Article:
Bronze Summer by Stephen Baxter
Bronze Summer by Stephen Baxter (Roc, 2012) is the second in The Northland Trilogy and we’ve moved on from the primitive days of the first brick built dykes. Now more than a thousand years nearer our time in this alternate history saga, we’ve got a major civil engineering project using concrete to keep the sea at bay. Yes these clever primitives have cracked the code on concrete. Cement has been around for several million years but, in our timeline, it was the Romans who developed “proper” concrete, using it for all their major structures from around 300 BC onwards. These eager beavers have completely excluded the sea from what is currently the bed of the North Sea. The “wall” now effectively creates a continuous land mass from Wales through to Europe and beyond leaving the current British Government with serious immigration problems as anyone who wants can just walk in (even from Romania if they want to walk that far). For those who have boating experience, a short sail north brings them to Iceland (then known as Kirke’s Land) where there’s a pivotal volcano that decides to make its mark on the world. You have to sympathise with these volcanos. For centuries they sit on their holes into the mantle, each one claiming they are the real-deal supervolcano and they just can’t agree. So periodically, one gets the bit between its teeth and, to prove it’s the biggest and baddest supervolcano, it erupts chucking out local lava but, more seriously, ash which triggers a small ice age featuring nut-obsessed saber-toothed squirrels if you’re lucky, a major ice age featuring species extinction and mass death in the human community if you’re less lucky. Fortunately, for now, the ice is only a gleam in the eye of the epilogue.
My apologies, I’m wandering around here (like many of the characters in this book) and not getting to the point of the review (many of the characters never end up in an ideal position either). So here we have this supermassive concrete structure that runs from here to there. It has a dual function. Obviously it keeps out the sea but, more importantly, it’s also a home to the people. Gone are the days when these primitives lived in caves. Now they’ve got their own continuous high-rise apartment block with major communities at regular intervals along its length. For this to work as a society, what you have to imagine is an amazing belief in the availability of free food. Most of our civilisations have developed with an agricultural base. Once there’s a food surplus, people can urbanise. Not in this book! Here we have an urban community in a ribbon strip development that creates a significant amount of unoccupied land. Quite why no other people invade this free land is left unexplained. The Brits, the French and the Germanic tribes know to stay out of Northland. This allows a hunter-gatherer society to prosper (with fish and sea food as a supplement). Obviously this also depends on there being little or no population growth so that natural sources of food are not exhausted.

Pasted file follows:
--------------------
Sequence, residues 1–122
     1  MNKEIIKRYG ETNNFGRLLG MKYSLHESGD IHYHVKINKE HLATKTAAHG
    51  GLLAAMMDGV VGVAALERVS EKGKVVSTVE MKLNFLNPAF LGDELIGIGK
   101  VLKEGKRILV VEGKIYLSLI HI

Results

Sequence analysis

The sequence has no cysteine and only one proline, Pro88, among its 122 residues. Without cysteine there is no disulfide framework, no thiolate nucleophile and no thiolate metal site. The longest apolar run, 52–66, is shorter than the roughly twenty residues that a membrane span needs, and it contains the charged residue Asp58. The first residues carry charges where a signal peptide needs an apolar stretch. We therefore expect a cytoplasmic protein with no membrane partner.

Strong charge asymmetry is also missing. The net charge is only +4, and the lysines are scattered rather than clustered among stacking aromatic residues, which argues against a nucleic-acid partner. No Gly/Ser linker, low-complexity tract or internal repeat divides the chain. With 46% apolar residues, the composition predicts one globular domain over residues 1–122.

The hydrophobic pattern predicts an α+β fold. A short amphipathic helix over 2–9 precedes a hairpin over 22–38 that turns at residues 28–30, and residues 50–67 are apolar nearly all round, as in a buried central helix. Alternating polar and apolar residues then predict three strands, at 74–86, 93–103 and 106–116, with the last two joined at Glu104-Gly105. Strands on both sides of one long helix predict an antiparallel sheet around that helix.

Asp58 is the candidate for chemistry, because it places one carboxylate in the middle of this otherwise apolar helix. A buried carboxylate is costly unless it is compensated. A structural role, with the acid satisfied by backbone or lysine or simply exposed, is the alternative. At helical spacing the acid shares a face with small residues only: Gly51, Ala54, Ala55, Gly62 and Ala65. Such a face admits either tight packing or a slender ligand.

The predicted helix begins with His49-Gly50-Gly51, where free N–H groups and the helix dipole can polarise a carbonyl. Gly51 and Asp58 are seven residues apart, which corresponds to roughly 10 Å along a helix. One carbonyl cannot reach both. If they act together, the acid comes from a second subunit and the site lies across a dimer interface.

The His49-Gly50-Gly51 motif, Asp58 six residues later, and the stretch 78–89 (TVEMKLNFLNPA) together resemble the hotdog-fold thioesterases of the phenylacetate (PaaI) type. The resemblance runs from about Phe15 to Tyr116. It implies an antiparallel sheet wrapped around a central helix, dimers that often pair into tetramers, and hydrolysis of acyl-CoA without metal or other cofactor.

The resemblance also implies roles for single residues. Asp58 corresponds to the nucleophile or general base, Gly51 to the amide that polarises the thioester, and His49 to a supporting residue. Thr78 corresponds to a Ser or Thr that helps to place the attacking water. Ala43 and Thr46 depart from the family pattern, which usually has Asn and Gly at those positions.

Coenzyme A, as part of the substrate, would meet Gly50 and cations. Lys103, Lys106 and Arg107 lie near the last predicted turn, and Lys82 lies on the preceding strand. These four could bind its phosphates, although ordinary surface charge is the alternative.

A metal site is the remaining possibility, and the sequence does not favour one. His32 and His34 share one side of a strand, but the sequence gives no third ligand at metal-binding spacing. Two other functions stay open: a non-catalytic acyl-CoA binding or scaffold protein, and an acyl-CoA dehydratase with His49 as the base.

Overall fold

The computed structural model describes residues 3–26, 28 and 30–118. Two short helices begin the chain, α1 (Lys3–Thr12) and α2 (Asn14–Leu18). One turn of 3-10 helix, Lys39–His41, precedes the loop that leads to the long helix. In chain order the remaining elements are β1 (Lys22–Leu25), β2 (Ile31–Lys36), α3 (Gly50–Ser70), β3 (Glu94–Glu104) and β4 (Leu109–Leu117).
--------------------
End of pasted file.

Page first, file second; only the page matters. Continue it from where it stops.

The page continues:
So when the ash cloud screws up the already unstable weather systems, the fragile economies in the rest of the region collapse and conflict over access to increasingly scarce resources is inevitable. We start off in Northland with what I expected to become a murder mystery but the lead character, Milaqa, encouraged by her uncle Teel, is no investigator. In fact, for most of the book, she’s rather a diffident individual who shows little enthusiasm and not a lot of intelligence. The one immediately responsible for the death actually admits it about one-third of the way through and we get on with other matters. We also have two characters starting off in Troy. Qirum is a Trojan wheeler-dealer who “buys” Kilushepa, the deposed queen of the Hatti — the alternate history version of the Hittites living in the region we call Anatolia, now part of Turkey. Coming from even further away is Caxa who’s from a culture modelled on the Toltecs. Initially, everyone converges on the Northlands, but after a grand bargain is struck, Qirum, Kilushepa, Milaqa and Teel set off for the long journey to Hattusa, the capital of the Hittites. We then have minor skirmishes, larger scale conflict, quite a lot of brutality and an outbreak of disease.
The problem with all this is that the narrative structure lacks a clear focus. We have incidents and events dotted around the landscape and along the timeline as people travel hither and thither, with set pieces at the key locations as in a kind of historical drama with military overtones. Although there’s a chance for some character development, the primary protagonists are really plot devices to say and do the things necessary to show the development of the environmental disasters as the years pass by. This is not to say the broad flow of history is uninteresting, but I confess it failed to stave off boredom. I gave up caring who anyone was and just read it to the end to see what happened. It’s a shame really because there’s much inventiveness on display and significant rigour in the development of the climatic shifts and cultural consequences. But for me Bronze Summer proved rather tedious. I say this despite the introduction of combat and war which, in other hands, often enlivens proceedings. In this case, it was brutality and cruelty by the numbers with little emotional significance. I can’t honestly say this is worth reading unless you want to bridge from Stone Spring which was much better to the hopefully equally good concluding volume.
For a review of the first in the trilogy, see Stone Spring.
A copy of this book was sent to me for review.